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ISSN: 2157-7625
Journal of Ecosystem & Ecography
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How to Tackle Global Warming

Peter S*

Makerere University, Kampala, Uganda

*Corresponding Author:
Peter S
Makerere University, Kampala, Uganda
Tel: +256772354281
E-mail: [email protected]

Received date: June 12, 2015; Accepted date: March 31, 2016; Published date: April 07, 2016

Citation: Peter S (2016) How to Tackle Global Warming. J Ecosys Ecograph S5:009. doi:10.4172/2157-7625.S5-009

Copyright: © 2016 Peter S. This is an open-access article distributed under the terms of the Creative Commons Attribution License, which permits unrestricted use, distribution, and reproduction in any medium, provided the original author and source are credited.

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Global Warming

Global warming and climate change are terms for the observed century - scale rises in average temperature of the earth’s climate system and its related effects. According to the Inter-Governmental Panel on Climatic change (IPCC); they are 95% certain that global warming is mostly about increasing greenhouse gases and other anthropogenic activities.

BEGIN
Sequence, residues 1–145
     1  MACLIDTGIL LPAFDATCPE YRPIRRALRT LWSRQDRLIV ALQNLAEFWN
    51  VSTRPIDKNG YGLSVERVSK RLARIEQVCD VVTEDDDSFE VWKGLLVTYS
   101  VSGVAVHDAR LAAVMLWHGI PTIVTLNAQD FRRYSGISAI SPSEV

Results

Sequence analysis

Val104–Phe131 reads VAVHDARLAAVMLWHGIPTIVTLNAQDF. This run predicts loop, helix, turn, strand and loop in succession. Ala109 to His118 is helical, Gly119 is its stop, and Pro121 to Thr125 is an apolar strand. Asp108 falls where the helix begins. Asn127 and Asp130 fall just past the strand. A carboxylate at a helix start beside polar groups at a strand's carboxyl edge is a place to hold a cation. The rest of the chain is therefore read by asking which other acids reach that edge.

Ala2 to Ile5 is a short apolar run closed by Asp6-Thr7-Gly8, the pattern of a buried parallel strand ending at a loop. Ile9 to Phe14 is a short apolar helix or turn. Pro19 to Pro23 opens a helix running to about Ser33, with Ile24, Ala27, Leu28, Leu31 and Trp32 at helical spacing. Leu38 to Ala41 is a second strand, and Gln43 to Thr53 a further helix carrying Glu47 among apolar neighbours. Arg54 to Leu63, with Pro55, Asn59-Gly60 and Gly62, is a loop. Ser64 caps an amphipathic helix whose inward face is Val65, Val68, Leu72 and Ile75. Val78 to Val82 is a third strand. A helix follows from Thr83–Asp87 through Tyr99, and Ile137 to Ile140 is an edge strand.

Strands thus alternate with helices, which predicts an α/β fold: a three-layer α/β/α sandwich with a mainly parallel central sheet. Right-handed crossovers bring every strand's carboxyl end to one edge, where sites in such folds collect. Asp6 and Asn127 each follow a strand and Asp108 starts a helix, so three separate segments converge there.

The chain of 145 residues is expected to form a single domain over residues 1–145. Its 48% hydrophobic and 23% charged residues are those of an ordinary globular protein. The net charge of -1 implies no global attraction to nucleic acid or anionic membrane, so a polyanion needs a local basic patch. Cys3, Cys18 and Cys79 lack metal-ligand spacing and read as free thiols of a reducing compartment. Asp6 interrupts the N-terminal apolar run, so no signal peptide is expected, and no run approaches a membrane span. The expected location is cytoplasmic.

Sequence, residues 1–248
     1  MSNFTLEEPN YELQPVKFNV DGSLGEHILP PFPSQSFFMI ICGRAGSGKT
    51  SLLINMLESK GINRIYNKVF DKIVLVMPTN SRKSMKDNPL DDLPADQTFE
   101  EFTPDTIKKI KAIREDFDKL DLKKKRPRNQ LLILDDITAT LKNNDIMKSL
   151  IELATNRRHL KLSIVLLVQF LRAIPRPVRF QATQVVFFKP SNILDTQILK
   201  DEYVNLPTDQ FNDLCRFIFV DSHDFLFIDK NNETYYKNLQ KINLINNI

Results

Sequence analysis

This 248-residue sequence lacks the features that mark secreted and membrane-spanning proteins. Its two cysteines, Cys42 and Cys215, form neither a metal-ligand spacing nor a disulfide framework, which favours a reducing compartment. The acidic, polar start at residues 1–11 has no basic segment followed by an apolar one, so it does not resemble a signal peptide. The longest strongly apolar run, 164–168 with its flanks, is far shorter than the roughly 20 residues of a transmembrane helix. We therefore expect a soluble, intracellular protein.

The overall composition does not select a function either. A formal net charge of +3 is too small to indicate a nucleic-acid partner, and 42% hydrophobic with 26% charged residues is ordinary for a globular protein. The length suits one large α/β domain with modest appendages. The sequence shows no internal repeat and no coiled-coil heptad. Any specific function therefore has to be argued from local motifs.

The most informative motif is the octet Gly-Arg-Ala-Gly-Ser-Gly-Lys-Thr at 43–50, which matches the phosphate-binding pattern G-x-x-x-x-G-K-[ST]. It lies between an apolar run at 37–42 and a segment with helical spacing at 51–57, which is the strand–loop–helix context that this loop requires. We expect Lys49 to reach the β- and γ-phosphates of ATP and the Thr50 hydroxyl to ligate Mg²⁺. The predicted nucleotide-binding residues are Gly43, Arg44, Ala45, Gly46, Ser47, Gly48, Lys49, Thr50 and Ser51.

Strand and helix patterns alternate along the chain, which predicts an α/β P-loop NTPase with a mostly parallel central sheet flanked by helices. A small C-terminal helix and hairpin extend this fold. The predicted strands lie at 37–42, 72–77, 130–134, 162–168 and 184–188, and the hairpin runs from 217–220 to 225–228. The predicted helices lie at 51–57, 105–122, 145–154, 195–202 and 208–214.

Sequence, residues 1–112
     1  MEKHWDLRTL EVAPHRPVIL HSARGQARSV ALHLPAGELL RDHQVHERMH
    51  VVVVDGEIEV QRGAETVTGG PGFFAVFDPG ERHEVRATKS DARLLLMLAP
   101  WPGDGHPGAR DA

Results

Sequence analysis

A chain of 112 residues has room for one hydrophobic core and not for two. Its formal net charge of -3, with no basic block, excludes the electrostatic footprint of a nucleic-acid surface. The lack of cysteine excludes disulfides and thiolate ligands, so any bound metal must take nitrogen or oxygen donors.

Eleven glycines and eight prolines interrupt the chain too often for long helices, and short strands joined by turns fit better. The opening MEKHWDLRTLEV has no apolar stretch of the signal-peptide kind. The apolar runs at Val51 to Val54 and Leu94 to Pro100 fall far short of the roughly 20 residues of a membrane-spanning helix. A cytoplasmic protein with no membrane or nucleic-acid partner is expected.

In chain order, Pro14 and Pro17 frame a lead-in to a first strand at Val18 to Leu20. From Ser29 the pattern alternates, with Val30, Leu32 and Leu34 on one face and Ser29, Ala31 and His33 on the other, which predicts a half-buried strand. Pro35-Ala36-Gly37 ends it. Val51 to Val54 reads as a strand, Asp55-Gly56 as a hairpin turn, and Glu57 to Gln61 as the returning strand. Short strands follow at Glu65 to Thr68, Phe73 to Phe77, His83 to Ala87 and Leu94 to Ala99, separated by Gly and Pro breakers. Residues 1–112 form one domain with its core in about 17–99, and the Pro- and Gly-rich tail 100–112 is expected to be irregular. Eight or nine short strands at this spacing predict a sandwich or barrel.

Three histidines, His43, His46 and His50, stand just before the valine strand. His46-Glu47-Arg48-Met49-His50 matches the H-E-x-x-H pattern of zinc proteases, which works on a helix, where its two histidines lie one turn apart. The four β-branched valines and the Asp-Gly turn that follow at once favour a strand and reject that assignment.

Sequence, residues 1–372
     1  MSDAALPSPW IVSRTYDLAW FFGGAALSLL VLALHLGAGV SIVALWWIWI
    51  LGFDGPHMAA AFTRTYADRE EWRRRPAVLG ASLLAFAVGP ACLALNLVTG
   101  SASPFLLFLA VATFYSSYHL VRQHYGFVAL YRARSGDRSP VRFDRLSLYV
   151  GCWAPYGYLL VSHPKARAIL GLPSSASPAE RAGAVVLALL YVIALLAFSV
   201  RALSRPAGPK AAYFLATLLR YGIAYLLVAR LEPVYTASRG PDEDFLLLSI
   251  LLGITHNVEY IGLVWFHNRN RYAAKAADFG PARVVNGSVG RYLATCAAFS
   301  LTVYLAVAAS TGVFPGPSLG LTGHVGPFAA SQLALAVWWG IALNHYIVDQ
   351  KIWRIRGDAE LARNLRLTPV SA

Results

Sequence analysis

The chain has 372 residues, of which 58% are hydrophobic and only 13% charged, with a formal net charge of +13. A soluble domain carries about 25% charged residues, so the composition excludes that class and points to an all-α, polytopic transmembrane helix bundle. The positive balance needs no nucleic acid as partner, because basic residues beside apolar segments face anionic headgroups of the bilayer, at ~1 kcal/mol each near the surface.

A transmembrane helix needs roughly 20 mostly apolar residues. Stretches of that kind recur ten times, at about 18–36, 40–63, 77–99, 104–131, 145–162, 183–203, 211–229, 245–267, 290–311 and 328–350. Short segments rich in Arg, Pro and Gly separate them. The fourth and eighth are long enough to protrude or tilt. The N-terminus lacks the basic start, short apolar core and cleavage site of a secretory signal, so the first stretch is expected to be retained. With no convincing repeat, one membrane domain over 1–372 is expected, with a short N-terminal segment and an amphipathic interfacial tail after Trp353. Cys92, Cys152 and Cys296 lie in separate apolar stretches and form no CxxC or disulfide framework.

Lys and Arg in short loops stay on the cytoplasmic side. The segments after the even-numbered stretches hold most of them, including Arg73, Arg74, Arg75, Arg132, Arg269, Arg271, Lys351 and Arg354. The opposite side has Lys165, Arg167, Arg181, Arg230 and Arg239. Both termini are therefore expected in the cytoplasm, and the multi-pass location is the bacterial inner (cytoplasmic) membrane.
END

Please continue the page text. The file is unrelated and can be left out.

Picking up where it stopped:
Furthermore, climate change impacts differ from region to region and around the globe.

Effects of climatic global warming

Increase of global temperature, rising sea levels, changing population, expansion of deserts. Other changes include more frequent extreme weather events such as heat waves, droughts heavy rainfall and heavy snow fall [1].

There are also ocean acidification and species extinctions. Effects to humans include food security from decreased crop yields and abandonment of populated areas due to rising sea levels.

Social responses to global warming

In bid to the Mitigation of emissions reduction, adaption to its effects most countries are parties to the United Nations frame work conclusion on climatic change (UNFCCC) whose aim is to prevent anthropogenic climatic change.